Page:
This study explores the predictors of patients’ intention to interact with doctors in Web-based health communities. On the basis of service convenience theory, we propose convenience of Web-based health communities and inconvenience of physical health facilities influence patients’ intention to interact with doctors in Web-based health communities directly. Meanwhile, based on two-factor theory, we propose that ease of use and perceived synchronicity influence convenience of Web-based health communities, whereas inaccessibility and discontinuity influence inconvenience of physical health facilities. All the proposed relationships are manifested by using the survey method. These results imply that our research model can help understand patients’ intention to interact with doctors in Web-based health communities adequately.

    Implications

    This study provides both theoretical and practical implications. For the theoretical implications, we first integrate service convenience theory and two-factor theory to understand patients’ intention to interact with doctors in Web-based health communities. Through the integration, we can see patients’ intention to interact through a complement theoretical view. Second, we contribute to patient-doctor interaction literature by studying their predictors from patients’ view on Web health community context first. We consider the factors from Web-based health communities including ease of use and perceived synchronicity. Meanwhile, we also investigate the factors from physical health facilities such as inaccessibility and discontinuity. These factors answer our research questions directly. Finally, we explore the mechanisms of the predictors of patients’ intention to interact with doctors in Web-based health communities. The mechanisms help us improve our theoretical modeling of patients’ intention to interact.

    Besides the theoretical implications, this study also provides its practical utility. First, this study confirms that Web-based health communities provide an important space for the interaction between doctors and patients. Second, there are implications for both health policy makers and Web health community managers. On the basis of factors from Web-based health communities, Web health community managers should provide enough tools and ensure the functionality of their communities for patients to communicate with doctors. Meanwhile, health policy makers should focus on the accessibility and continuity of physical health facilities, not just patients’ satisfaction. Third, the measure scales of convenience and inconvenience could be the direct indicators to reflect patients’ intentional or actual interaction with doctors in Web-based health communities. Finally, telehealth, which use the information communication technology to provide health care service distantly, have been developed in China for many years [40,41]. However, a recent study about telehealth in China has shown that the Chinese patients’ adoption of telehealth is quite low although they are aware of telehealth [42]. Therefore, to explore the drivers of telehealth usage is necessary. As Web-based health communities can take some form of telehealth, the factors explored in our study can be examined to promote the utilization of telehealth.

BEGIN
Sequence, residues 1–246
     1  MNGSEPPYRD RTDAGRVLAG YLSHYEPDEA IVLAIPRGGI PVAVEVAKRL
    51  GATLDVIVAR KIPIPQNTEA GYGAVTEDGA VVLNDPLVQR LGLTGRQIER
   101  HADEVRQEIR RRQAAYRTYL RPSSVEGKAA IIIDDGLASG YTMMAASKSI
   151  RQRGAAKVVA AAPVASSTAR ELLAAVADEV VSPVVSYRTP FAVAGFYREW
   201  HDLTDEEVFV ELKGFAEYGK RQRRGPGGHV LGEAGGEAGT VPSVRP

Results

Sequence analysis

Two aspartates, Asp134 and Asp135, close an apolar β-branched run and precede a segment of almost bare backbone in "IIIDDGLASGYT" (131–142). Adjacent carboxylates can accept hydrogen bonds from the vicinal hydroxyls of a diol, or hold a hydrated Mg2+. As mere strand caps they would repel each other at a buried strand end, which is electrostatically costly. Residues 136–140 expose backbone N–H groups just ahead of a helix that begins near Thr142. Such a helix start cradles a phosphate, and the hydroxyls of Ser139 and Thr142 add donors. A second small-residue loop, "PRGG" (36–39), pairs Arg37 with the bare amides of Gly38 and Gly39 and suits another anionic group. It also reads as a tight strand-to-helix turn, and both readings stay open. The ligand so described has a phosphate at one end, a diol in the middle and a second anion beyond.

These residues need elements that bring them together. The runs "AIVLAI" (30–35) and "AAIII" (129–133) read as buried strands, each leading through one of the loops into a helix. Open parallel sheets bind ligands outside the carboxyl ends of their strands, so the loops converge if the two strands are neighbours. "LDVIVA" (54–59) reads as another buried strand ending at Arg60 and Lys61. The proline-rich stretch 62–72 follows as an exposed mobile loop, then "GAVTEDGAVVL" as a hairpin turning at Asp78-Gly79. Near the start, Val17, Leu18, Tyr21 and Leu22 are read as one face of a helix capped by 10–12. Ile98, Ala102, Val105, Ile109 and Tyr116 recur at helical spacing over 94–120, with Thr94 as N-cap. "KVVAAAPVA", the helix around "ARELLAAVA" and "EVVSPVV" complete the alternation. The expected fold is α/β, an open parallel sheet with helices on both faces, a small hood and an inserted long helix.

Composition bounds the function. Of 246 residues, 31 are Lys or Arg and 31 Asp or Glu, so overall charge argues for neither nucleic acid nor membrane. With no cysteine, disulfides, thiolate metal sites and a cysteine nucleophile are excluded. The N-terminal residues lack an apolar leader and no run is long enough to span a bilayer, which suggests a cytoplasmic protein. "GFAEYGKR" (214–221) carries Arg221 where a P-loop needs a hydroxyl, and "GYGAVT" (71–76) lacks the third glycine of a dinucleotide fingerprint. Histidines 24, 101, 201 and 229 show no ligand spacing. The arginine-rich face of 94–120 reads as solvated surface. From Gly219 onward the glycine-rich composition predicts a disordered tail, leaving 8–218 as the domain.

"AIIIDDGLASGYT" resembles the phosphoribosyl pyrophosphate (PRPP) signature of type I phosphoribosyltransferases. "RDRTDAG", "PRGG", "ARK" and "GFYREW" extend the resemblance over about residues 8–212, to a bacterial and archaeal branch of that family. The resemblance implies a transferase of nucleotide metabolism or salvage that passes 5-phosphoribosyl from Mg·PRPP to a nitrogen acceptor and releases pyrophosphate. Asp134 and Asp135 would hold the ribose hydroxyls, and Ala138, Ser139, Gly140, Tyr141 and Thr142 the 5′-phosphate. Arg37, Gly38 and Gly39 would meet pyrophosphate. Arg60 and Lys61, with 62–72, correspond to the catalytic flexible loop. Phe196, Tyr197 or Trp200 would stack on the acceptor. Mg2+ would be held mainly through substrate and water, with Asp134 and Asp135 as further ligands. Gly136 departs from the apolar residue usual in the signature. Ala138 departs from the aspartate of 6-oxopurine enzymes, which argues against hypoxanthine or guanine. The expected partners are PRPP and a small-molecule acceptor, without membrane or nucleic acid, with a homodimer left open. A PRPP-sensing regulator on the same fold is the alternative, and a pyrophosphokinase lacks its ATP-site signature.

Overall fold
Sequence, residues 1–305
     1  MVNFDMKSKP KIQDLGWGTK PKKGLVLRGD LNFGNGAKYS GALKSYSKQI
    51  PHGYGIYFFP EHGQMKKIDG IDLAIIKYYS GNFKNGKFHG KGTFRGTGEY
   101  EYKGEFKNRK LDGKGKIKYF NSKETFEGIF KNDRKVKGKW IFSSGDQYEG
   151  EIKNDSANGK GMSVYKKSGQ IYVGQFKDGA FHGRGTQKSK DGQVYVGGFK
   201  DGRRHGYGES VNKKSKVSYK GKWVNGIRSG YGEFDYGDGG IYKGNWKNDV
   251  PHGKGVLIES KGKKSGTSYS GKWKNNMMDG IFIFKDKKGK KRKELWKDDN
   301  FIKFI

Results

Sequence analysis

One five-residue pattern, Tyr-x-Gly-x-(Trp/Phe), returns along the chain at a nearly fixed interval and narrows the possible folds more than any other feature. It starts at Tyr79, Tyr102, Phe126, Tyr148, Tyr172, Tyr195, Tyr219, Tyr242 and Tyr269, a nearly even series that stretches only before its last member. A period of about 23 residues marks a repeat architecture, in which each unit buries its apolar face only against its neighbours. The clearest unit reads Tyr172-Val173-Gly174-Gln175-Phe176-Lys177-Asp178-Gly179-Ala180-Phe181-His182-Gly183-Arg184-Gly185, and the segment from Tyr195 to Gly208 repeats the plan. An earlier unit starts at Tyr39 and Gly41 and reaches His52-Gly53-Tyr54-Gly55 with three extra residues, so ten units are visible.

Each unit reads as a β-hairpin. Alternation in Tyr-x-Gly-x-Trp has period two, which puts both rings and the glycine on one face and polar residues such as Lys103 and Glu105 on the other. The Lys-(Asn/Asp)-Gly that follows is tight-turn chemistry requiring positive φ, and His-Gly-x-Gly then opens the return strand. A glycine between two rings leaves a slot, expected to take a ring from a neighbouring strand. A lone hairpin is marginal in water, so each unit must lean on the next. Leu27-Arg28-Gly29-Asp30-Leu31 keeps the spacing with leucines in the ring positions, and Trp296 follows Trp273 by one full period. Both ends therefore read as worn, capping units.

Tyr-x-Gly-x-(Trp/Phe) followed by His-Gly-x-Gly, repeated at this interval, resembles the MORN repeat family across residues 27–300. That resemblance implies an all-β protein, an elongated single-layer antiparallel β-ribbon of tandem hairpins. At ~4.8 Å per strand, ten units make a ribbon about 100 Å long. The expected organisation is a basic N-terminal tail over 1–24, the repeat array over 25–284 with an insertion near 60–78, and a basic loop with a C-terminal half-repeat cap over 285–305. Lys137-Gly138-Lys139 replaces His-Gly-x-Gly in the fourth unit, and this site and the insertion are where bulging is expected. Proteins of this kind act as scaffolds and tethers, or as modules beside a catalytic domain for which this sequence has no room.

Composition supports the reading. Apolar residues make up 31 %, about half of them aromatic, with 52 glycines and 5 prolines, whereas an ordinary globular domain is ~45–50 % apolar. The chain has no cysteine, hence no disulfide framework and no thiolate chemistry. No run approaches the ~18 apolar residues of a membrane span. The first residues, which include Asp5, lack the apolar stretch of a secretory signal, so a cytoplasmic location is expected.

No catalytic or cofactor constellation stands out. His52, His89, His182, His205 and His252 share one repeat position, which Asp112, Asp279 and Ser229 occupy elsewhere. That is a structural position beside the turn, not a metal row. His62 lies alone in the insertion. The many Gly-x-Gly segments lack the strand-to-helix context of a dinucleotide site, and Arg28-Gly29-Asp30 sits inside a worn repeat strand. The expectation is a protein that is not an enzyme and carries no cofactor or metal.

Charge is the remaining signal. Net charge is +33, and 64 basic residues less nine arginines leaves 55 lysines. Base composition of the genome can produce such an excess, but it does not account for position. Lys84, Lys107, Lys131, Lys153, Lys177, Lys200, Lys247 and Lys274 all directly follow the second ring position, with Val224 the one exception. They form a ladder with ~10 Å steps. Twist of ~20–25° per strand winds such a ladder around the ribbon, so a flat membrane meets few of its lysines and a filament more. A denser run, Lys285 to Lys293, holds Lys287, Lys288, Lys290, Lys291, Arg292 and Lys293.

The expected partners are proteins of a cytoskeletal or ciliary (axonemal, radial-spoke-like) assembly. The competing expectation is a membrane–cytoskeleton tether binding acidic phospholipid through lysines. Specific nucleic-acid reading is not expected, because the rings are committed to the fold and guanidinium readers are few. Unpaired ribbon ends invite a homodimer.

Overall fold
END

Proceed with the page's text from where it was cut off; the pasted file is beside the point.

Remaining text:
Limitation and Future Direction

    The limitations in this study can be the basis for future research directions. First, only 4 factors based on two-factor theory are included. On the basis of our current level of explained variance of convenience and inconvenience, more factors could be relevant. Second, although patients’ intention could link to their actual behavior, it is necessarily to study patients’ actual interaction with doctors in Web-based health communities as the actual behaviors can give more direct evidence of the effectiveness of our research model. Finally, we use cross-sectional data to study patients’ intention to interact and did not account the dynamic of variables in our model. A longitudinal study would be useful as a follow-up.

    Conclusions

    This study examines the predictors of patients’ intention to interact with doctors in Web-based health communities based on service convenience theory and two-factor theory. Through including factors from both Web-based health communities and physical health facilities, we establish a theoretical model to understand patients’ intention to interact comprehensively. Through collecting data randomly from the sample pool of a research company, we validate the proposed research model. This study not only contributes to literatures of doctor-patient interaction and we health communities but also provides implications to promote doctor-patients interaction online and offline.

    Acknowledgments

    This work was partially supported by grants from the National Natural Science Foundation of China (No 71801100, 71671073, 71602063, 71704059, 71701059 and 71810107003), and the Fundamental Research Funds for the Central Universities (No 2018KFYYXJJ063 and 2019kfyXJJS172).

    Conflicts of Interest

    None declared.

    Multimedia Appendix 1

    Measurement instrument.

    PDF File (Adobe PDF File), 64KB

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    Abbreviations

    AVE: average variance extracted


    Edited by G Eysenbach; submitted 18.02.19; peer-reviewed by PCI Pang, C Khalil; comments to author 28.03.19; revised version received 08.05.19; accepted 10.05.19; published 07.06.19.

    ©Tailai Wu, Zhaohua Deng, Zhuo Chen, Donglan Zhang, Ruoxi Wang, Xiang Wu. Originally published in the Journal of Medical Internet Research (http://www.jmir.org), 07.06.2019.